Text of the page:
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Magdalena Abakanowicz's installation of 110 burlap sculptures depicting figures in a crowd is on view in Venice
Magdalena Abakanowicz, Hurma, 1995, Centrum Sztuki Współczesneij Zamek Ujazdowski, Warsaw © Magdalena Abakanowicz.

VENICE.- Magdalena Abakanowicz (Falenty, 1930) is a Polish sculptor who often uses textiles as her principal artistic medium. From 12 April to 2 August 2015, Beck & Eggeling International Fine Art (Düsseldorf) and Sigifredo di Canossa in collaboration with the Fondazione Giorgio Cini are staging the exhibition Magdalena Abakanowicz: Crowd and Individual, curated by Luca Massimo Barbero on the Island of San Giorgio Maggiore. One of her Crowd series, a theme that she has addressed many times in the course of her long career, the giant installation of 110 burlap figures is being given its first showing in Venice.

“Maybe the experience of the crowd, which waits passively in line, but is ready to trample, destroy, or adore on command, like a headless creature, has become the focus of my research. What may also have attracted me to the theme was my fascination with the scale of the human body, or a desire to determine how little is needed to express the whole.” This is how Magdalena Abakanowicz has described her interest in the theme of crowds, a subject that constitutes the most important part of her oeuvre. She has made several Crowds, which vary in the number of figures and the way they are depicted: standing, walking, or sitting. Made of textiles or at times also of other materials, each sculpture is unique and was produced by Abakanowicz in various stages of her artistic career.

“I think that the impact of Magdalena Abakanowicz’s work”, says curator Luca Massimo Barbero, “arises from the way she conveys through a powerful sense of a crowd or group a human condition with an existential meaning in which often faceless people are bewildered bystanders, who find or lose themselves again. Her return to Venice with such a significant installation after the showings of her work at the Biennale (Studio fatturale, 1968; a 22-piece burlap installation entitled Crowd I as part of “Identity and Alterity: a Brief History of the Human Body” in the Italian Pavilion, 1995; Hand-like Trees installed on the Riva degli Schiavoni, 1997; and Embryology in the Polish Pavilion, 1980) may be seen as a homage to a pioneer who has left her mark in the field of experimental sculpture over the last few decades. The theatricality of this group of figures is achieved by placing the visitors and the work on the same level in a mingling of “crowds”, which also has the feel of an extraordinary, tragic human choreography; a game between two sides – humans and statues.”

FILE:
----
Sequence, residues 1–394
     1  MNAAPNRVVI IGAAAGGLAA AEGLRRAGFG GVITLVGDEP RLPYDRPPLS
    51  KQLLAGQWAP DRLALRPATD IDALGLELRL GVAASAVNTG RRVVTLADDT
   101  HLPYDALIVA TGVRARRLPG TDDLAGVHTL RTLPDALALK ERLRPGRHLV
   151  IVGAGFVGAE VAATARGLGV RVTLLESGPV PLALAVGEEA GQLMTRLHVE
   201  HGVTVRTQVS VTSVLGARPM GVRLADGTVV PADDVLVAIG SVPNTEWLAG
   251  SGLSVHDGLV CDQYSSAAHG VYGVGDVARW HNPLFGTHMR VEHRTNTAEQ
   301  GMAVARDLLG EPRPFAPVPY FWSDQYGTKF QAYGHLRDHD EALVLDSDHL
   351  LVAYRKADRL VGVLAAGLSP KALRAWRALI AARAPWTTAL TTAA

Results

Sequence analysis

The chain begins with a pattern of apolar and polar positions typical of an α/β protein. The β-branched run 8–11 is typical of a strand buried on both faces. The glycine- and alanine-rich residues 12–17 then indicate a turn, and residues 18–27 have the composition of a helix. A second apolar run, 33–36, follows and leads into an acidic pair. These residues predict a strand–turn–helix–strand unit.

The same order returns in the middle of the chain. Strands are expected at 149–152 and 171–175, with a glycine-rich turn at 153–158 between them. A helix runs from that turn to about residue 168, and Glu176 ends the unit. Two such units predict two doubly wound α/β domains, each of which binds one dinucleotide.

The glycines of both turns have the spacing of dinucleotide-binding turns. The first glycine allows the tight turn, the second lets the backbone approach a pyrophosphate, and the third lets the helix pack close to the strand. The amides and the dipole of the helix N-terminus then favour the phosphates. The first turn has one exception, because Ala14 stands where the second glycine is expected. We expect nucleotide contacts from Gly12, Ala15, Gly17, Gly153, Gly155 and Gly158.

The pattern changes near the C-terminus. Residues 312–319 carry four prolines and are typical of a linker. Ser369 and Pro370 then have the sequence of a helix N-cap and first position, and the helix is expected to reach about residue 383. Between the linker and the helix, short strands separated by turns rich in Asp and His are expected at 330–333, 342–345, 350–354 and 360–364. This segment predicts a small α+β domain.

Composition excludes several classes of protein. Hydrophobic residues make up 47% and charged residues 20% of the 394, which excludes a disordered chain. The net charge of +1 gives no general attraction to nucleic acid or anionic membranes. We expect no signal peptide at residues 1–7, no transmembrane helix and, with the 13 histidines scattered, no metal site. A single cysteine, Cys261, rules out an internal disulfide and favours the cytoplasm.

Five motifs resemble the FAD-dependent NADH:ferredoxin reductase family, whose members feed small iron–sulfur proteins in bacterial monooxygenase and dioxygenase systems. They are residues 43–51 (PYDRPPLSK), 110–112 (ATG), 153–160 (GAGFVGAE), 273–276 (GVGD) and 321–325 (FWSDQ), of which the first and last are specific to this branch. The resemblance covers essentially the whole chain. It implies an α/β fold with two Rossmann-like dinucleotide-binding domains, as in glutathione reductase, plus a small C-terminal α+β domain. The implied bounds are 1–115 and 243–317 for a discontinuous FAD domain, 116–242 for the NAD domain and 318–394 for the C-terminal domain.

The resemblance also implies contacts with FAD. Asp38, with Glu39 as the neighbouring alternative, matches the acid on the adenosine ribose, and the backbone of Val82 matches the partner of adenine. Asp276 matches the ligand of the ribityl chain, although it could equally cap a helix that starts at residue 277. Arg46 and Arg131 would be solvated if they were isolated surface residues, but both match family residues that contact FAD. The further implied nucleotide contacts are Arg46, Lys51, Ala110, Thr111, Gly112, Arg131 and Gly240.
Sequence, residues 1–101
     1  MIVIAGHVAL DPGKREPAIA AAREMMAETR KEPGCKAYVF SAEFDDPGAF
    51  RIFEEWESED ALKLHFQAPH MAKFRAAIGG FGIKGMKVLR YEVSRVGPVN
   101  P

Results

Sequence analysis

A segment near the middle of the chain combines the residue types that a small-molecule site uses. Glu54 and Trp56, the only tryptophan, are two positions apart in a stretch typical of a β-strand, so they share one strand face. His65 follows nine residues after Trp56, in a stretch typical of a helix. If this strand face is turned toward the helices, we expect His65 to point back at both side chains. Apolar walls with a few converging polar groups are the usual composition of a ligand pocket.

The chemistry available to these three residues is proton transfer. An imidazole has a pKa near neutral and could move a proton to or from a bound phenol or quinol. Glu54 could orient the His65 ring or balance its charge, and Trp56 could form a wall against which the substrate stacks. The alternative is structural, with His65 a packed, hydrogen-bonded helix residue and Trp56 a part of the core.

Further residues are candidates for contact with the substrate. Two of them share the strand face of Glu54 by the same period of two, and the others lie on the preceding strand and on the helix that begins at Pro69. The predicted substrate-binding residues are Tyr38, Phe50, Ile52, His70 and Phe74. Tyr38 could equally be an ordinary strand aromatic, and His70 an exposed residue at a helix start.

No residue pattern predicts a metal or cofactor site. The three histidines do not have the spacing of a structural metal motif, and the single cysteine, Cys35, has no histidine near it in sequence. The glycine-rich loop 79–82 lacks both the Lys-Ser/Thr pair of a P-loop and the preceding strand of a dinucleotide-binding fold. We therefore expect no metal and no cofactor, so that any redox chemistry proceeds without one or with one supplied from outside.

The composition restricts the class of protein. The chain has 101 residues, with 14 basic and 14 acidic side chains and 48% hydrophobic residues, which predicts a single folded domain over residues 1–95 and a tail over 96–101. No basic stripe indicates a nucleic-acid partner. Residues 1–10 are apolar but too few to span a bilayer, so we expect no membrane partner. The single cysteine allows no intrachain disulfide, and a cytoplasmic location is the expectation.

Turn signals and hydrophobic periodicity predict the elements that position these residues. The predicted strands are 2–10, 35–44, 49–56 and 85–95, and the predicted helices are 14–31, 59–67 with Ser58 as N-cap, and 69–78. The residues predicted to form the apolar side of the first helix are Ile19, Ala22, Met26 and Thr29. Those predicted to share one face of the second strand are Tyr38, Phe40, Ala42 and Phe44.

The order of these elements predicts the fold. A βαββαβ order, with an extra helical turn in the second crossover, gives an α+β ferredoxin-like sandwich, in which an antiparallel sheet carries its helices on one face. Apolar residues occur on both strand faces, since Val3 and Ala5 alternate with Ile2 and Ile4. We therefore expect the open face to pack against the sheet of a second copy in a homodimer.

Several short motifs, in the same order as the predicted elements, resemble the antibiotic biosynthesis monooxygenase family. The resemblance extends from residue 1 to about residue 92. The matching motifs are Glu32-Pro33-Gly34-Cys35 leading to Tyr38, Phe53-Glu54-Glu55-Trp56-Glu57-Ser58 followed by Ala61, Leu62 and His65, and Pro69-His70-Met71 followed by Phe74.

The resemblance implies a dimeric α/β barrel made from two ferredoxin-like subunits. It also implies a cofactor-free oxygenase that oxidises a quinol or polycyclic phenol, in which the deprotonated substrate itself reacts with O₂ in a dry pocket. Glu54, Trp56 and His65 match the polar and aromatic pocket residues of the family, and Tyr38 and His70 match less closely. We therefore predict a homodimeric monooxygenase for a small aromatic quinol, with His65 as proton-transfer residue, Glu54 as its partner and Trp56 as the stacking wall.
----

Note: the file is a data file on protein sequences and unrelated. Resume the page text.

Abakanowicz’s Crowds have been shown in various installations and configurations all around the world. The travelling Retrospective Exhibition in USA and Canada (1982) was staged in venues such as the Metropolitan Museum of Art, New York, the Museum of Contemporary Art, Chicago, the Museum of Fine Arts, Dallas, the Musée d'Art Contemporain, Montréal and the Städel Museum in Frankfurt (1989). In 1991, a large retrospective exhibition was held in Japan, at the Sezon Museum of Art, Tokyo, and the Museum of Contemporary Art, Hiroshima, while her stunning exhibition Hurma was shown at Chapelle Saint-Louis de la Salpêtrière, Paris.

Many groups from the series are permanently displayed outdoors in locations such as the Raymond Nasher Sculpture Garden, Dallas, the Millennium Park, Chicago and Poznan, or in major private collections such as the Foundation Margulies in Miami, and the Giuliano Gori collection, Pistoia, Italy.

Magdalena Abakanowicz (Falenty, 1930) was born into an aristocratic Polish-Russian family in Poland. The war broke out when she was nine years old and she then experienced the revolution imposed by the Russians and forty-five years of Soviet domination. Poland was a politically volatile country in which instability was a permanent state. But she learned to escape to a room of her own, to make the best of things, to use whatever was viable and even to make gigantic works in her tiny studio. Her art has always addressed the problems of dignity and courage. She started with soft, pliable objects that were rough to the touch. Abakanowicz changed the meaning of sculpture from object to be looked at into space to be experienced. Shy by nature, through her solitary creative process she has made contact with people in over one hundred personal exhibitions. Abakanowicz creates ambiguous images with many meanings. Some are concealed, some are combined with others. They are what every viewer must find for him or herself. (, Artur Starewicz).

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